So you have to write a resume and it has been a while. Where do you start?

First, you have to decide how many pages your resume will occupy. Should you keep it to one page? Is more than two pages too much? If you are an entry level job searcher, or have less than five years’ experience, it is recommended to keep your resume to one page. If you have more than five years’ experience or have three or more relevant jobs, you can move your resume to two pages. If you are a veteran with several years’ experience and multiple jobs, feel free to move your resume to three pages, but only if necessary. Three pages for a very experienced person is the maximum number of pages for a resume.

A good rule of thumb is to have your most recent, or your most relevant, job experience occupy the majority of space on the resume. Your most relevant job should have the most number of lines and bullets. Jobs you had long ago, or jobs that are not relevant to the position you are applying for, should occupy a smaller amount of space. Jobs from several years ago that are not relevant to the position you are applying for can be reduced to a one or two bullet point description.

Every resume should start with an objective. Objectives that are brief will be read. Make sure the objective matches the job you are applying for. Objectives should be a one sentence statement about what you are looking for in your new job. It is recommended you target your objective to the position and company you are applying to. For example, “Seeking a Financial Planning position at a global manufacturing organization.” Stay away from long paragraphs in your objective or anywhere on your resume. Keep in mind, hiring managers don’t read paragraphs, so keep it brief!

It is best to use bullet points instead of paragraphs. Bullet points look better in format and are more likely to be read. If it is easier to write in paragraph form, that is okay as a start, but don’t leave it that way. Take any paragraphs you have written and break them into bullet points by making each sentence a separate bullet. Hiring managers skim resumes and will read bullet points. Paragraphs tend to get ignored.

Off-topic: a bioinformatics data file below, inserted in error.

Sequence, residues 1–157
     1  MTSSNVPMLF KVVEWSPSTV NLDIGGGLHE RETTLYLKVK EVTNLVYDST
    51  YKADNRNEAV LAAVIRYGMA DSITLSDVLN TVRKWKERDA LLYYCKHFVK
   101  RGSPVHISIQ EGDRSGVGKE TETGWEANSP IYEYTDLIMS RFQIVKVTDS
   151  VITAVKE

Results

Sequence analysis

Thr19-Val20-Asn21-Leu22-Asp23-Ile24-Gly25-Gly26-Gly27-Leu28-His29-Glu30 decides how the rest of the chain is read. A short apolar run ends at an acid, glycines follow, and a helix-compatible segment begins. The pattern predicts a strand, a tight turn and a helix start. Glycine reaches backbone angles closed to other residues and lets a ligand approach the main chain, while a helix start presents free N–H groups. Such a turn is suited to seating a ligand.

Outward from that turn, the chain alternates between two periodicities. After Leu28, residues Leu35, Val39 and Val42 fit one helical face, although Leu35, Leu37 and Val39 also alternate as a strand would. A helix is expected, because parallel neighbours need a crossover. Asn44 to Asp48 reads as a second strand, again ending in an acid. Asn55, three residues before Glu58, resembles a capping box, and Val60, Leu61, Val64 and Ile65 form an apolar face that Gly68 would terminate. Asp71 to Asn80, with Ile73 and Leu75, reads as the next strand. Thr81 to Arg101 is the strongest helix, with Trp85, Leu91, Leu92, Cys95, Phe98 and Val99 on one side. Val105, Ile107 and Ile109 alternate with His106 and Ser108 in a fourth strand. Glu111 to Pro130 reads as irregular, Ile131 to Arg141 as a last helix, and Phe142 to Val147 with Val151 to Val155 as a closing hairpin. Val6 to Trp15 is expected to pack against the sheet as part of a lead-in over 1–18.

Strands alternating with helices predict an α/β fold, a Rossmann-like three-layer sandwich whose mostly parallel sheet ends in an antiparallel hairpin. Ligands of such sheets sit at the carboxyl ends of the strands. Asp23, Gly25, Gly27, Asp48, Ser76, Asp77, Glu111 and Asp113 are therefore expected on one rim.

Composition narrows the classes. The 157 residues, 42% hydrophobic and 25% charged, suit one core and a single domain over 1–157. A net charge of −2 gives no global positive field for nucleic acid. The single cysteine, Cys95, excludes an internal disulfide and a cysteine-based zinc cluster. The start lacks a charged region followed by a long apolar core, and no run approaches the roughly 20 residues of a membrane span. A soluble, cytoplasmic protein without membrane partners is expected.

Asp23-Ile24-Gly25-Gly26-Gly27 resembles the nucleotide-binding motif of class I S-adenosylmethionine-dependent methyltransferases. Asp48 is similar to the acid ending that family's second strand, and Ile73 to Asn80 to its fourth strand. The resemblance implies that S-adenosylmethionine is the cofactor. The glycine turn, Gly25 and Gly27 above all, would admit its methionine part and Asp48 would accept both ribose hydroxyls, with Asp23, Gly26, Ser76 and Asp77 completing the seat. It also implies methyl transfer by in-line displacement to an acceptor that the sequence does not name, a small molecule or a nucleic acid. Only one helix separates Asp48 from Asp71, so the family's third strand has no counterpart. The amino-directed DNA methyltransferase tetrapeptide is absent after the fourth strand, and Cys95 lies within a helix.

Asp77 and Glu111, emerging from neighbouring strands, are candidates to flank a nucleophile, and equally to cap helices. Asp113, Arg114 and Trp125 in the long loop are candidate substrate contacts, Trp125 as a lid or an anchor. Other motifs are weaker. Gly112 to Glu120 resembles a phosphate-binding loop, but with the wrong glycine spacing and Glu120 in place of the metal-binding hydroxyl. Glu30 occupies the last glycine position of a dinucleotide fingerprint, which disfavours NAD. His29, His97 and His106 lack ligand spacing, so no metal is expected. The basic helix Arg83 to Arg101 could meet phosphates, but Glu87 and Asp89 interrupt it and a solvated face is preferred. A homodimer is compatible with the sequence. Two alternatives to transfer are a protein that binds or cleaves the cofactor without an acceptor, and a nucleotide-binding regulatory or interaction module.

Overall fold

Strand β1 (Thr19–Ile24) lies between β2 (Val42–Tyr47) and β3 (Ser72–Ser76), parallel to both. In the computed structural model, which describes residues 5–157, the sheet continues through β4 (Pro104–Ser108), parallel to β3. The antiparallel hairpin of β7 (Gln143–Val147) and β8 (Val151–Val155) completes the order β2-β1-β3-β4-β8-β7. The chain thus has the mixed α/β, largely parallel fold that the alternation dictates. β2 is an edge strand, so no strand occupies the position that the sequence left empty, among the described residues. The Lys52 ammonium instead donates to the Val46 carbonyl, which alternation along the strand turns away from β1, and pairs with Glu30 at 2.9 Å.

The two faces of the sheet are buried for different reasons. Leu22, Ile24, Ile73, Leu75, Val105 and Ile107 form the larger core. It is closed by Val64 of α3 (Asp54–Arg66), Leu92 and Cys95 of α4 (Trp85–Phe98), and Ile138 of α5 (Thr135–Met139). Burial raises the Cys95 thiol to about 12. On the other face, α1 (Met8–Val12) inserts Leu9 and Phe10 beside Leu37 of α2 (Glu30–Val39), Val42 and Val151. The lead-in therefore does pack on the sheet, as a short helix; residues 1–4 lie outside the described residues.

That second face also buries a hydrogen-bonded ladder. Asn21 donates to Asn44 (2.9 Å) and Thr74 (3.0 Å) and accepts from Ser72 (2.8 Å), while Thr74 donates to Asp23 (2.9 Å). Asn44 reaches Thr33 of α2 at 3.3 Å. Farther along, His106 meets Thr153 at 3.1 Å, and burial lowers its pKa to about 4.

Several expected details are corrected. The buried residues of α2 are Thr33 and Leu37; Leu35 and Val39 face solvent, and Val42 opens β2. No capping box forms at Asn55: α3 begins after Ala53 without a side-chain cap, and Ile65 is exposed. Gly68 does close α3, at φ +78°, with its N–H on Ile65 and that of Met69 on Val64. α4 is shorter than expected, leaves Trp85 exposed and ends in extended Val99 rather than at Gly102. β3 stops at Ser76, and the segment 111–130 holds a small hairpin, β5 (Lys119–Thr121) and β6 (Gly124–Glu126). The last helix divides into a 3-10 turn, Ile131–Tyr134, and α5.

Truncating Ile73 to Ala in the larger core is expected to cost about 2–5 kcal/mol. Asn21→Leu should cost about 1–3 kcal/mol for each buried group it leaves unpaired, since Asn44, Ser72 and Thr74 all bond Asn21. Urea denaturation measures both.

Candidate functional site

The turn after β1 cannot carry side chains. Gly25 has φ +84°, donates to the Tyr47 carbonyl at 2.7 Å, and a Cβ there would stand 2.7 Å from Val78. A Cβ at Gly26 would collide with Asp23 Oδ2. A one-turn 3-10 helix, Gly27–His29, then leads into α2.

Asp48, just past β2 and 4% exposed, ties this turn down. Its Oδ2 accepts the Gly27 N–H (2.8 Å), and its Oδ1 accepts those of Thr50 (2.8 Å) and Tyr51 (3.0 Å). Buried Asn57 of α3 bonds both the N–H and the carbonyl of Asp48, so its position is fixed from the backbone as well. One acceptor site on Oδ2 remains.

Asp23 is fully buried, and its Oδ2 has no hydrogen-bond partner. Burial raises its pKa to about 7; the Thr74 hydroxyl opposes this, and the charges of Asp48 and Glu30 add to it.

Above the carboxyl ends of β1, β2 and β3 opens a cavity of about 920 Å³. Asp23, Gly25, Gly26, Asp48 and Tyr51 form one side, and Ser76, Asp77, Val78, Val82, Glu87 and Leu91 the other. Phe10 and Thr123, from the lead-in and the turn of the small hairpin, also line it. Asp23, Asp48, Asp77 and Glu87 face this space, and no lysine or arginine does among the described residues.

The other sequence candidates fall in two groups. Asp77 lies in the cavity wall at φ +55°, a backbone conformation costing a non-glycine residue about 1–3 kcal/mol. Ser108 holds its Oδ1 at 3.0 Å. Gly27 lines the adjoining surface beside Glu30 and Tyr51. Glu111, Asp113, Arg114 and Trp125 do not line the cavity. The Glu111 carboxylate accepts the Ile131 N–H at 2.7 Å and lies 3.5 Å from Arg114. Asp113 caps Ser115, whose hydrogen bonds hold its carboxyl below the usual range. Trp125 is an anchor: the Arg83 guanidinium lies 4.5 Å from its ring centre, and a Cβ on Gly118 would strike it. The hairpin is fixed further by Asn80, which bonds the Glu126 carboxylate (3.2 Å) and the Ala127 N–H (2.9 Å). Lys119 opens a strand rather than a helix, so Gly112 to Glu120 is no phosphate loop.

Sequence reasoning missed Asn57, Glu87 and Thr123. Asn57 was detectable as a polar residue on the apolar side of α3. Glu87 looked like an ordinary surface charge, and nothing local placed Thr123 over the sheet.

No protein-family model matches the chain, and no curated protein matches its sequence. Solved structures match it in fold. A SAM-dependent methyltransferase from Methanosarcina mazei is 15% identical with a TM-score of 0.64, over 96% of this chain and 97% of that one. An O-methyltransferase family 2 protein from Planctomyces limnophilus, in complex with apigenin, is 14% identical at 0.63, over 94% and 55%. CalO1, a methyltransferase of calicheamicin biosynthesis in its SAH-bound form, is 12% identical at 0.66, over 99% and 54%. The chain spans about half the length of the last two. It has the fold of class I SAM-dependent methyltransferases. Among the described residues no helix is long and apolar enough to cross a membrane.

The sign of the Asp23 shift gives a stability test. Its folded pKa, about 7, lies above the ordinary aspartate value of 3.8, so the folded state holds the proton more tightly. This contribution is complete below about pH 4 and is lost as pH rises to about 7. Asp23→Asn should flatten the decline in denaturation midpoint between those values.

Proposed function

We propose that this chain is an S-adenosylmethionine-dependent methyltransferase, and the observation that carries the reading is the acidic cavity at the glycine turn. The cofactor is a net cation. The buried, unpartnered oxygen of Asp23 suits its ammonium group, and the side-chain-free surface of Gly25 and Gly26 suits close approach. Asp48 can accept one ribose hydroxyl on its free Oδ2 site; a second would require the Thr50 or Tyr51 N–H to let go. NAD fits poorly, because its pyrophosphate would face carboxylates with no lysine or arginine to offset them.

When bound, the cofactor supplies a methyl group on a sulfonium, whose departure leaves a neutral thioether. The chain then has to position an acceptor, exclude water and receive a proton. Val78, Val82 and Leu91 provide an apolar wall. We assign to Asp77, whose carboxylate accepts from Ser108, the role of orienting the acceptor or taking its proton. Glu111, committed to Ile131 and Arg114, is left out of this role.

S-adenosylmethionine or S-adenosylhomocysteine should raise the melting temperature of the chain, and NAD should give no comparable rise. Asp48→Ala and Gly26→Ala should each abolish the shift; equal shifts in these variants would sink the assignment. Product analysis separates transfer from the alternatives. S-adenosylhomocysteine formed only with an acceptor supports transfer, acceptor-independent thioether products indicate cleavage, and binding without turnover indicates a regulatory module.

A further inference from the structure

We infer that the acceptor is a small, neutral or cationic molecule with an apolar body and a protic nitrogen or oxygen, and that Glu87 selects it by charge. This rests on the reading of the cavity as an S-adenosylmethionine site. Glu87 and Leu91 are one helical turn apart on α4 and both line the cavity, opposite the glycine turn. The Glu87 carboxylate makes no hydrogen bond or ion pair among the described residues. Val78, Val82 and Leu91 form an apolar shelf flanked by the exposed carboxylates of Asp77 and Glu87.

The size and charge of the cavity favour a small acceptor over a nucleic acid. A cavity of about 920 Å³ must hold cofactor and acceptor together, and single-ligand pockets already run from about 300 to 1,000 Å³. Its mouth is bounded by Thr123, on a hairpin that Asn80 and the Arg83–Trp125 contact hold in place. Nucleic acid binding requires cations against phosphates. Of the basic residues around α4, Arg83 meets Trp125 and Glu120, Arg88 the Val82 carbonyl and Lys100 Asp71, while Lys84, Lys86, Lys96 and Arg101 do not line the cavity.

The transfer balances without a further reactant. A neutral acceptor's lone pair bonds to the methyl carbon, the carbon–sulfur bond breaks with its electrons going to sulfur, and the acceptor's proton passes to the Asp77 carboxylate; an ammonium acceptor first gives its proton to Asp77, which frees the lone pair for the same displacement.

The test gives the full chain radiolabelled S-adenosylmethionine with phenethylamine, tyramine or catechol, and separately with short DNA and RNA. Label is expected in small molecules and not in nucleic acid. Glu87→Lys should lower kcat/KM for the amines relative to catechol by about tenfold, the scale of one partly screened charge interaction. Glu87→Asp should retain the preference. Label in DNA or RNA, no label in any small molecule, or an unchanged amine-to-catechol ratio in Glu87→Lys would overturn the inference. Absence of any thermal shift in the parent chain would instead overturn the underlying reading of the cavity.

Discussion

Your education should be listed under your objective if you have a specialized Bachelor’s degree or a Master’s degree. If you do not have a
Bachelor’s degree in your intended field, or do not have an advanced degree, your education can be moved lower on your resume. If your grade point average is below a 3.0, leave your grades off your
resume.

An important section to include on your resume is a “Skills” section. We recommend putting this section directly below your objective, up toward
the top of your resume. Try inserting at least nine bullets (three rows of three bullets across the page) that are relevant to the job you are applying for. Inserting a table here is an easy way to accomplish this.

This skills section is important because it allows  you to easily customize your resume to the position you are seeking. Between your one sentence objective and your nine bullet points, you can easily customize your resume for each potential position.

When writing your resume, remember that the clear majority of hiring managers do not read, but only skim, your resume. Do all you can to grab attention quickly, but don’t make it too quirky or unprofessional. Remain concise and to the point.

 

“Stay away from long
paragraphs in your
objective or anywhere
on your resume. Keep in
mind, hiring managers
don’t read paragraphs,
so keep it brief!”

Blog Image - Resume Writing Tips

“This skills section is
important because it
allows you to easily
customize your resume
to the position you are
seeking.”